Task 3, which we began on Saturday evening and finished on Sunday, was re-colouring A Russian Affair.
I don’t need to talk too much about this because all my previous blogs talk about it. The short story is that our submitted version was not up to publishing standard, as far as showcasing the work that went into it was concerned. It did not do justice to Zac’s acting, Chloe’s camera work, Drew’s recording, any of the script work that went in… etc. etc. Suffice to say the learning curve here is that our editing model for Sparkle was the closest we’ve come to ideal, and we’ll be working on a post-production location for next year too.
Chloe, as you will all know, is a photographer at heart. This means she is well experienced at colour and lighting corrections in photographs. My copy of Final Cut Pro 7 came packaged with various other programmes from the suite, including Color. I’d fooled around with it a bit before, although I quickly learned that learning how to use Color and learning how to grade and colour effectively are two very different things. With the very basics of the mechanics in my head, I handed the iMac to Chloe to work some magic.
She got the gist of it very quickly – I guess Color (in its essence anyway) is similar to most other colour-correction image manip programmes. The main thing to be fixed was the interview scenes. In their original form, the lighting didn’t catch Zac’s face whenever he moved and we lost his expression. In my horrible attempt at fixing it, the background is washed out and the mic setup becomes visible in the left-hand corner (poor framing choice on the day – but it was very late in the evening). So the trick was to highlight Zac but not the background, and account for him moving around. Chloe knocked up a basic shape where the lighting should change, feathering it so Zac wasn’t too starkly different to the background, and then was able to tweak that shape for each shot.
Then, because she was having so much fun, she did a bit of tinkering on the flashback scenes too. The final effect is something a bit more saturated, a bit grey-er, more mysterious, more flashback-y. She showed me each version and asked for my opinions, as well as slightly tweaking the colour of the interview sequence, but more or less was able to handle the process while I happily knitted beside her. My knitting is coming along pretty well, by the way.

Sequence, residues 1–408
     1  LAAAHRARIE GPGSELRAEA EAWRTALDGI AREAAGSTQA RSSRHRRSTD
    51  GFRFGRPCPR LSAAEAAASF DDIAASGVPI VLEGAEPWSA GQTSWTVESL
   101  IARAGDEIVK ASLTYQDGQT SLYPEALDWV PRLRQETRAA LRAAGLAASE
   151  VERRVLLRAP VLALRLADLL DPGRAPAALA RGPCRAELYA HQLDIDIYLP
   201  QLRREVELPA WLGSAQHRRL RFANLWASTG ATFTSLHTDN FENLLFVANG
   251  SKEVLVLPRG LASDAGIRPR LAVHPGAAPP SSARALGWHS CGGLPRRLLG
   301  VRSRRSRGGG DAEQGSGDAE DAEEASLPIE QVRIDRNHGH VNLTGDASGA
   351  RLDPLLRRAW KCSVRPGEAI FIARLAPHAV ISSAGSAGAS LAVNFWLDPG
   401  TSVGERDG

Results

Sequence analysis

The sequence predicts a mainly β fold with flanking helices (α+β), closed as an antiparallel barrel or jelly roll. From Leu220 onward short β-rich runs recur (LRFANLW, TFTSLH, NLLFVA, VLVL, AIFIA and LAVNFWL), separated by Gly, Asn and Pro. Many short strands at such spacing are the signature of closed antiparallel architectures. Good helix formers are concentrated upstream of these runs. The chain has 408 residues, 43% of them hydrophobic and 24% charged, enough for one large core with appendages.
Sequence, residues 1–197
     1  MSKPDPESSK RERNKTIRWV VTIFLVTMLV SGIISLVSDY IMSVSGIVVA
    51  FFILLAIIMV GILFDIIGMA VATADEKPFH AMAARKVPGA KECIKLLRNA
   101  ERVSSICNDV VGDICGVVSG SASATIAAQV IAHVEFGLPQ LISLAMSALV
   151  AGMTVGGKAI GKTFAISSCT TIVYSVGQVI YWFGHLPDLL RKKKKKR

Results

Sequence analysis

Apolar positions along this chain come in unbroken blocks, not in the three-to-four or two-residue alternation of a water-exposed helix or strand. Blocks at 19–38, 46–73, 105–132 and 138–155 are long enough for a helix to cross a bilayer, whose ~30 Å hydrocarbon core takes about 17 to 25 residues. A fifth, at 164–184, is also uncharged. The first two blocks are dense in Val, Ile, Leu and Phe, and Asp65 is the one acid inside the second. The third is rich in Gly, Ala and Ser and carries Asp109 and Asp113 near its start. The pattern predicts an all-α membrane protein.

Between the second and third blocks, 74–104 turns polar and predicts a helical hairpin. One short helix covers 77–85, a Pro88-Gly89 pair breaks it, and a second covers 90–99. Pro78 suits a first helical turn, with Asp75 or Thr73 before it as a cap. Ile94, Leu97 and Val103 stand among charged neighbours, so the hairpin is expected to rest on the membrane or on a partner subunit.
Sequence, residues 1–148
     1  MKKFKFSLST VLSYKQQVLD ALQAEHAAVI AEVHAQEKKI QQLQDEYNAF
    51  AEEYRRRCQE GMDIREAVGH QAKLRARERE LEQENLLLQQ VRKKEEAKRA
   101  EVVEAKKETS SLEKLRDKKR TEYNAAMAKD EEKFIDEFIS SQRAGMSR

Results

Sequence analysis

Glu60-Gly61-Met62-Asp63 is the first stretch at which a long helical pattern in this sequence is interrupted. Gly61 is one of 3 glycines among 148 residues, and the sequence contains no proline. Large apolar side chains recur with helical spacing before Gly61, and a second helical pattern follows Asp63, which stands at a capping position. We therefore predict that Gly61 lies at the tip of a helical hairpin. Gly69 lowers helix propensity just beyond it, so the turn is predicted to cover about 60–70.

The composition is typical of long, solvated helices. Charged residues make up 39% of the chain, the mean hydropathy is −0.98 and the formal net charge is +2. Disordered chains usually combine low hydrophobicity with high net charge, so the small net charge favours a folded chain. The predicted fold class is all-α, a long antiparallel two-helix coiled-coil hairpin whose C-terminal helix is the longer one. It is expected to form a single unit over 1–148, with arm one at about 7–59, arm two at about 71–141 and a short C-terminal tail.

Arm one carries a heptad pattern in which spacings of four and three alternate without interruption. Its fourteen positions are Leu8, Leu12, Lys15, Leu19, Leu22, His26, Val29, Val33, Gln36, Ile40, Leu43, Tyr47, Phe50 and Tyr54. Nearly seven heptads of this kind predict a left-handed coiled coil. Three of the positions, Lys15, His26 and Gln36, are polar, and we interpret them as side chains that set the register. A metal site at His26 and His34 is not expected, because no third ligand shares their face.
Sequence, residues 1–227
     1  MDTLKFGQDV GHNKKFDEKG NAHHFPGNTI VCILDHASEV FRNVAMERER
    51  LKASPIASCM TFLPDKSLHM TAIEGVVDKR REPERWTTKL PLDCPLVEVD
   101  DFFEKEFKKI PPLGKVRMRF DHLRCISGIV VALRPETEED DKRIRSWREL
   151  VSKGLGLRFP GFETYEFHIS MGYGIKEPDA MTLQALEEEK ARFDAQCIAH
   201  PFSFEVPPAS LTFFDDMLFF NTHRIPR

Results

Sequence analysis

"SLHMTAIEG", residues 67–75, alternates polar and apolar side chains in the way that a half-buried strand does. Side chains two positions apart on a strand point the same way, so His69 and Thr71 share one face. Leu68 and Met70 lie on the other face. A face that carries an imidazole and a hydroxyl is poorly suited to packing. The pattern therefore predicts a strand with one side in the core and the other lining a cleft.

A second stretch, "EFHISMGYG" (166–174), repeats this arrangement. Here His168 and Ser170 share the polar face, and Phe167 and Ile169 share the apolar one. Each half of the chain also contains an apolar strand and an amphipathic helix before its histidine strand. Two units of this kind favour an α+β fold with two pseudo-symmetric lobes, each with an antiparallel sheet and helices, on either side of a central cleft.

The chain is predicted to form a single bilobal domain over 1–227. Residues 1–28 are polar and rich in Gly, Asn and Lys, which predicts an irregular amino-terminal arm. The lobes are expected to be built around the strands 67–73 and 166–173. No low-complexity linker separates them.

(Russian now needs to go to Drew to fix the audio balance. Again, on my awful hash attempt to fix it, all I could do to make Zac’s final lines audible was pull the music right down, completely negating the rising effect of the track, and generally sounding pretty awful. Drew knows more about properly balancing audio so we’ll be able to hear both at a good volume. That, and some new titles and credits, will be the extent of edits to the ‘Remastered’ version of Russian, and hopefully will be online soon.)
I think the #WeekendLockdown was a real success, not least for our fans who got to follow the whole thing on Instagram and Twitter. I have found that, with these projects which involve a lot of people, it’s easier to make progress when everyone else is making progress together. That’s the difference between Sparkle and Russian, or the 48-Hour challenge and most of our other projects. It’s partly deadline-related, but it’s also being surrounded by people who share your energy and goals and are also being creative and productive. Chloe has talked about a shared space for shooting and editing and general discussion – if such a thing could be pulled off, I’d be very excited to see what effect it had on our work.
My next stage is to write a proper shotlist for the Crossroads pickups and then arrange to meet with Chloe for the second Gun Hill Riffs music video we have yet to edit. Maybe the #WeekendLockdown hashtag will be back soon.